Trinity Episcopal’s Journey to Fillmore
Trinity Episcopal Fillmore, c 1935
Fillmore has many church buildings. Some are old. Some are modern. Some are no longer used as churches. Over several articles, we are going look at the history of some of them.
One of the older church buildings in Fillmore hasn’t been in town all than long. Trinity Episcopal, known affectionately as “the Chocolate Church,” was built in 1901 in Hueneme, on the east side of Ventura Road (formerly Fourth Street) between Pleasant Valley Road and Clara Street, by Senator Thomas Bard for his wife, Molly. Senator Bard was Presbyterian and was active in the Presbyterian Church in Hueneme. His wife, Mary Gerberding Bard, was a devout Episcopalian. The small, “English gingerbread, Craftsman style” church was built for her worship.
There had been an Episcopal contingent in Fillmore as early as 1892. A traveling minister or the minister at St. Paul’s Episcopal in Santa Paula would hold services in rented space or private homes. Frequently this would be in the home of Mr. and Mrs. Richard Stephens, a prominent businessman. By the early 1930’s the congregation decided it was time for a church of their own. By then the little church in Hueneme was no longer in use and had fallen in disrepair. Mrs. Bard, a widow since 1915, had refused several offers to purchase the building, but when she was approached by Rev. George MacDougall, who was the current minister in Santa Paula, she agreed to donate the building to the congregation in Fillmore. She also donated the altar, a communion service, a chest of linens, the font and other furnishings, a generous gift indeed. Mr. and Mrs. Stephens donated the land on the northeast corner of Second and Saratoga.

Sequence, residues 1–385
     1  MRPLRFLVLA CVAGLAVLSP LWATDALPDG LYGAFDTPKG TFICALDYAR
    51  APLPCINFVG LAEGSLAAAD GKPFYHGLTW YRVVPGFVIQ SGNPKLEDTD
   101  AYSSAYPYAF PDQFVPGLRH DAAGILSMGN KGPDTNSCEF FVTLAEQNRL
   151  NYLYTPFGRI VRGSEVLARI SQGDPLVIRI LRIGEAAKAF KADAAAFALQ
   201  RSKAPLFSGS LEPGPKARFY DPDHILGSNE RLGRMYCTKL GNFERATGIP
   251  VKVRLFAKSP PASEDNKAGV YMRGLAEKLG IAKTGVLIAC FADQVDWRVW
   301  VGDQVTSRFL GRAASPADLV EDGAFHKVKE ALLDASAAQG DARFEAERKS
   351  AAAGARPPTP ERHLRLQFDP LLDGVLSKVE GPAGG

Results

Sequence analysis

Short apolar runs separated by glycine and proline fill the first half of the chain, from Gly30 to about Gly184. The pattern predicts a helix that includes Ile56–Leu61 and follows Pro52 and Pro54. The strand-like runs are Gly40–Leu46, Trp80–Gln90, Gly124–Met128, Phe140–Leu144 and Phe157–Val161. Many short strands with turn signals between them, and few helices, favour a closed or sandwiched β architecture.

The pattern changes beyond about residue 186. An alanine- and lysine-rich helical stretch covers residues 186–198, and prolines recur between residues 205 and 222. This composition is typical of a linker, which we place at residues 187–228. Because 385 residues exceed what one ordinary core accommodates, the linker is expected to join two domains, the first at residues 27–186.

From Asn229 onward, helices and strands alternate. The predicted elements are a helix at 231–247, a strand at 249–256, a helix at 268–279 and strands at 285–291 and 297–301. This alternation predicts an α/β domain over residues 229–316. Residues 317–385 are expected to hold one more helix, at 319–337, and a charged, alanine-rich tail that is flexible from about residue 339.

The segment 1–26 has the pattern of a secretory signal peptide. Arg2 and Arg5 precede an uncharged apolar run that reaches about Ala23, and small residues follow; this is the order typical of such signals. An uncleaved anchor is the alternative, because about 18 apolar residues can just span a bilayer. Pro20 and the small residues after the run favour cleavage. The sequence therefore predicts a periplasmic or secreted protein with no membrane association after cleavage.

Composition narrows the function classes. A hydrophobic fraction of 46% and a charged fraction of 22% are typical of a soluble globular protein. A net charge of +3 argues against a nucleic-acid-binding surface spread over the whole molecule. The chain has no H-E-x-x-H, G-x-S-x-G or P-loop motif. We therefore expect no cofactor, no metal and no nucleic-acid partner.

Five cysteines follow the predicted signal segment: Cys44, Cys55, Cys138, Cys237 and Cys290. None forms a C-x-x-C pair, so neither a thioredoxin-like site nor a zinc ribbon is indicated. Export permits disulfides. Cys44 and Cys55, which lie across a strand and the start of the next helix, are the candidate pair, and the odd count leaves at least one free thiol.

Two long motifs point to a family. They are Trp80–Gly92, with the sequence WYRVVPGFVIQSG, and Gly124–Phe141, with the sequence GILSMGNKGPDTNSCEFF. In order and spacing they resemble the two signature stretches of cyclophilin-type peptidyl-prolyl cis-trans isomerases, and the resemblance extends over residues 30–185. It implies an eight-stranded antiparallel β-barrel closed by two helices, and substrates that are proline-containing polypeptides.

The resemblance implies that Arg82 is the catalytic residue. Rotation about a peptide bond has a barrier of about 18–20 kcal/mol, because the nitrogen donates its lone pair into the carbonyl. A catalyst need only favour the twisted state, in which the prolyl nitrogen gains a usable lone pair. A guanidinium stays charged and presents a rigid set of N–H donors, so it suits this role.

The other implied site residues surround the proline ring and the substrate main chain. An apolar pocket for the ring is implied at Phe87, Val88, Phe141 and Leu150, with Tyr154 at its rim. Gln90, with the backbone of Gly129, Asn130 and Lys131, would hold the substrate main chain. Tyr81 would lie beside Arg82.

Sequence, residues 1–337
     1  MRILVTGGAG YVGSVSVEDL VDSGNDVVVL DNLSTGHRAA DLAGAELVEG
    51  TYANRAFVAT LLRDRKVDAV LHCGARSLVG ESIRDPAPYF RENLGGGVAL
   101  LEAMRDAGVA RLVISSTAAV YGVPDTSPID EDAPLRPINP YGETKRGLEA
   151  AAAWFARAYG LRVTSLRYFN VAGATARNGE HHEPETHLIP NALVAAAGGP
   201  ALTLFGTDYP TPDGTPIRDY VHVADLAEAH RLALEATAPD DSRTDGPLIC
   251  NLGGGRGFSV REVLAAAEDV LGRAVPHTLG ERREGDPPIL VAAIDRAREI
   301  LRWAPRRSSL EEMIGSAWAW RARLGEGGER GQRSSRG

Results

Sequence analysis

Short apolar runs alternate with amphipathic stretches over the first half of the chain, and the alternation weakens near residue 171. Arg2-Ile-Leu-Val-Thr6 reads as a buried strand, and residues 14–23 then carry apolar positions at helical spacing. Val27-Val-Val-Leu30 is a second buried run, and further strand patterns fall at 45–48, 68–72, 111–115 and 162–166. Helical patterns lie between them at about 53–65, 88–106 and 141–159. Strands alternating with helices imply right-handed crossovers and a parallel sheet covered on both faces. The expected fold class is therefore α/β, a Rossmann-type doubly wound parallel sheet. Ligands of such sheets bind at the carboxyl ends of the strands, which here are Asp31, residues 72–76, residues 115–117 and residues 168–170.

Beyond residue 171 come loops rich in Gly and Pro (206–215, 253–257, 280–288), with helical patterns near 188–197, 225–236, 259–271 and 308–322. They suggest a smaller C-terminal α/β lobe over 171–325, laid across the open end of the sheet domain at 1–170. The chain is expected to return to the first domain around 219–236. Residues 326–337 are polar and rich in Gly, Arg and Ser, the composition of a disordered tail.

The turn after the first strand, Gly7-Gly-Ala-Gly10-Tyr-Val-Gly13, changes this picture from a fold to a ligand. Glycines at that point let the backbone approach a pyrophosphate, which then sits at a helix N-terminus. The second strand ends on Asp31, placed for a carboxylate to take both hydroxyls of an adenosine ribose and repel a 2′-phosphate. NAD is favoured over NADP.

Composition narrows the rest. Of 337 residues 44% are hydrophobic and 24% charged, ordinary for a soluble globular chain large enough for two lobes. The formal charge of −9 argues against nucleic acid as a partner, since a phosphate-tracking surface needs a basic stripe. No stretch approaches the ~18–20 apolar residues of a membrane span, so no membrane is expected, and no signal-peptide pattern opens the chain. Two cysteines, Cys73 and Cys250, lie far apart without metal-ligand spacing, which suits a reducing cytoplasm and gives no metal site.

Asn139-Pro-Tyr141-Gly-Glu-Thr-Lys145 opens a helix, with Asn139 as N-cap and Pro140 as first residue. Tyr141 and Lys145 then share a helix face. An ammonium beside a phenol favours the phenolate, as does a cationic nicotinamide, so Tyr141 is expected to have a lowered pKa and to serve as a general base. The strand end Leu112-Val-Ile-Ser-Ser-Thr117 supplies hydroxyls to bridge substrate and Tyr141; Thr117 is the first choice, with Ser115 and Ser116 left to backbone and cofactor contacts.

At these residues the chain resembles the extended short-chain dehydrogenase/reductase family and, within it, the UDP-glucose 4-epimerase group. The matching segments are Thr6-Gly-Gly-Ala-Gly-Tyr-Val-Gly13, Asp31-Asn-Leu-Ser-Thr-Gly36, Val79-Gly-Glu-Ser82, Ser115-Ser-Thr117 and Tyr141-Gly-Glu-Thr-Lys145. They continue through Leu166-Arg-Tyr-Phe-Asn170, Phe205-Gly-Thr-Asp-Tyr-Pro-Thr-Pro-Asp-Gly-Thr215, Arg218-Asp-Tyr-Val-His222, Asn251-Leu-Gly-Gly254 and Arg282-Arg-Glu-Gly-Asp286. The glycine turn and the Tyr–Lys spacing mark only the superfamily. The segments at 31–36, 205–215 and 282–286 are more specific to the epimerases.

Altar and Font given to the Trinity "Mission" by Mrs. Bard
Now the only problem was getting the building from Hueneme to Fillmore, about thirty (30) miles, and then rebuilding it.
A local builder, Bill Yeakle, was awarded the contract to move and rebuild the Church. Under his supervision, Ed Rice, helped by a Mr. Seichert, dismantled the church in Hueneme. Each piece was numbered and brought to Fillmore by pickup trucks. The trucks were so heavily laden that they took back roads to avoid being ticketed for being overloaded. It is estimated that there was close to one million separate, numbered pieces. It was not unlike doing a jig-saw puzzle to reconstruct the building in Fillmore.
Eventually the job was done and on Sunday, December 17, 1933, the Episcopal Bishop of Los Angeles, Rt. Rev. W. Bertrand Stevens, assisted by Rev. Macdougall, consecrated the little church. The night before the consecration, the first wedding was held in the church. Helen Price and Thomas Powell were married by Reverend MacDougall, the first of many weddings, baptisms, and unfortunately, funerals.
The Sanctuary at Trinity Episcopal Fillmore
Trinity Episcopal has continued to this very day, although due to Covid there are no in person services. The altar and font used by the congregation are the ones donated by Mrs. Bard in 1933. In 2014, Joanna Bard Newton, the granddaughter of Senator and Mary Bard, visited the church. She was baptized in the church when it was in Hueneme in 1917, although she admitted she didn’t remember the occasion.